Just a few comments about the article itself. 1.) Is there a set of criteria or indicators of certain characteristics that effective change leaders elicit? If so we may be able to ‘train’ future leaders for such a position (I do acknowledge there are certain debates that can arise in regards to if are leaders born or not?) but nevertheless a topic that may need to be explored 2.) During a change, leaders should constantly remind or ask themselves, “What is the primary output of the company?” and then make decisions with that in mind 3.) this leads to another important aspect about decisions. Being reflective and aware of the change is needed but in reality there are time constraints, budgets, etc. When choices are made or action is set forth for changes, these choices should be explicit, reasoned and the entire process should be iterative throughout.

    Just a couple of thoughts on this. Looking forward to some additional comments or feedback. Can’t wait for more to come in the future.

    • Thanks for your comments Jeff.

      As far as a set of characteristics, this is an age old question of leadership. Are you a born leader or can you learn it. I believe the answer is, yes. You are born with capabilities to be a leader, AND you learn how to lead along the way. As far as characteristics for a change leader, I will point you to my previous post here.

      Regarding leaders asking themselves what is the primary output of a company, I would say that question needs to be asked periodically. Depending on the industry and company, it could need to be asked as often as daily (in the case of a company beginning to launch) or annually, in the case of a well established company, and every time frame in between. It all depends on the volatility being compelled upon the company and to tolerance to volatility by the company. In terms of the specific question, I like the model put forth by Jim Collins in Beyond Entrepreneurship, a predecessor to his Good to Great work. The Amazon link is here. He outlines a purpose and mission and differentiates them. Stay tuned for a future post from me on Business Strategy and a framework I have developed.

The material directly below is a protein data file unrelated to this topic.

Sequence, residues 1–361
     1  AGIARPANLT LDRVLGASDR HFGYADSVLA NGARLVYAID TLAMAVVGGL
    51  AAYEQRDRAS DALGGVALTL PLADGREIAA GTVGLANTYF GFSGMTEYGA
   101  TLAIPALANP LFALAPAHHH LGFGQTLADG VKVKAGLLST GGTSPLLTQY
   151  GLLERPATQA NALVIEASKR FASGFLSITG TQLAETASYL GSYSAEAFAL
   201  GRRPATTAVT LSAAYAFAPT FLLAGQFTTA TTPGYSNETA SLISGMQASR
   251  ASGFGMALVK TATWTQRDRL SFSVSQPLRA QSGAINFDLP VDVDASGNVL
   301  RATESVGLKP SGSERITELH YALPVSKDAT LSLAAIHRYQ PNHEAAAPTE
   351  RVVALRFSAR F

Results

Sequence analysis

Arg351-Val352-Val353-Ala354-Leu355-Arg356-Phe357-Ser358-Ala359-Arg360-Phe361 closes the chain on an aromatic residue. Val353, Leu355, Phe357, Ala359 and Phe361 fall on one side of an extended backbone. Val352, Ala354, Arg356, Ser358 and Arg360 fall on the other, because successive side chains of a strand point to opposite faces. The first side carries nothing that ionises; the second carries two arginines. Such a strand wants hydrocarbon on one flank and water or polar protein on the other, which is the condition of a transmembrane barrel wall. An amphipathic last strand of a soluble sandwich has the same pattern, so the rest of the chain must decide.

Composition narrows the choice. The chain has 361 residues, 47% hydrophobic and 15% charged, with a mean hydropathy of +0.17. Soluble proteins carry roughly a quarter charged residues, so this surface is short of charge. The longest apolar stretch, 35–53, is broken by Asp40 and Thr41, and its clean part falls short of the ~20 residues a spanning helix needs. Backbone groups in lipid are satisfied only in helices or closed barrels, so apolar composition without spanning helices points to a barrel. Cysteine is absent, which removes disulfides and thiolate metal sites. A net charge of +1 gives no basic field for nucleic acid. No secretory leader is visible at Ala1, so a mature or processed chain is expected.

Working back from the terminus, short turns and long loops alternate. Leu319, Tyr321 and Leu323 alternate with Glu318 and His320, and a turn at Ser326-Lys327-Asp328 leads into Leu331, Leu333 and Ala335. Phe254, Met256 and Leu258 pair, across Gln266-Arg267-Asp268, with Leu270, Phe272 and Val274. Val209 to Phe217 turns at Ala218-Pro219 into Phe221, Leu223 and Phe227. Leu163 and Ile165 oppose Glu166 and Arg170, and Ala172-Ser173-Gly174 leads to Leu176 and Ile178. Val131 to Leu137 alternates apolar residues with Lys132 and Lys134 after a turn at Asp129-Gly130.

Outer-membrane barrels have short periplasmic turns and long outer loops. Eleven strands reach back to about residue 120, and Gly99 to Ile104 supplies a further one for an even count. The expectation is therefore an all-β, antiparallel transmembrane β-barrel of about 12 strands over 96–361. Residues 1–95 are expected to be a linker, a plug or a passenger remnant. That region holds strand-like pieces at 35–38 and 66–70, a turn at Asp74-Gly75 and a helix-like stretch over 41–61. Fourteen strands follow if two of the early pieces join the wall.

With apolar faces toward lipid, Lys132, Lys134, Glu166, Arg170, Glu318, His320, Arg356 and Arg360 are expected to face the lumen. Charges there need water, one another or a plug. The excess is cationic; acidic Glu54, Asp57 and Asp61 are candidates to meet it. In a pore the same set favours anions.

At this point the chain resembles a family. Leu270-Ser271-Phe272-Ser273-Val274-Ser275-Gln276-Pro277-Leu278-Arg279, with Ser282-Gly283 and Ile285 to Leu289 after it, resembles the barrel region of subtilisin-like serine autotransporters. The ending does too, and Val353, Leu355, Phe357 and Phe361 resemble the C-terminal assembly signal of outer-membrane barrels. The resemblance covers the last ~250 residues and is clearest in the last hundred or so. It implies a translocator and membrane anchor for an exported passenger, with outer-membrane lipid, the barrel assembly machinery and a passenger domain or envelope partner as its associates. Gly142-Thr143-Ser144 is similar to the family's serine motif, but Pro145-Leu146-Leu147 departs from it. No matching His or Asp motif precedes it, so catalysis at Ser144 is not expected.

Lastly, your third question is really about the concept of IT Governance. There are many models out there. Wikipedia has several referenced here. I personally like the Cobit framework. You can find more about Cobit here.

      Thanks for you thoughtful reply, and let me know if I can be of assistance to any of you efforts in these spaces.

  2. This is awesome. So interesting. Just so impressed with the level of communication between leaders in the business world. Sharing ideas and being informed opens your world to so many opportunities.

    Self awareness builds confidence. At any level we need to do a daily examination of conscience. Be honest with yourself. This makes us aware of our faults/limitations and we can then grow to be better people and leaders.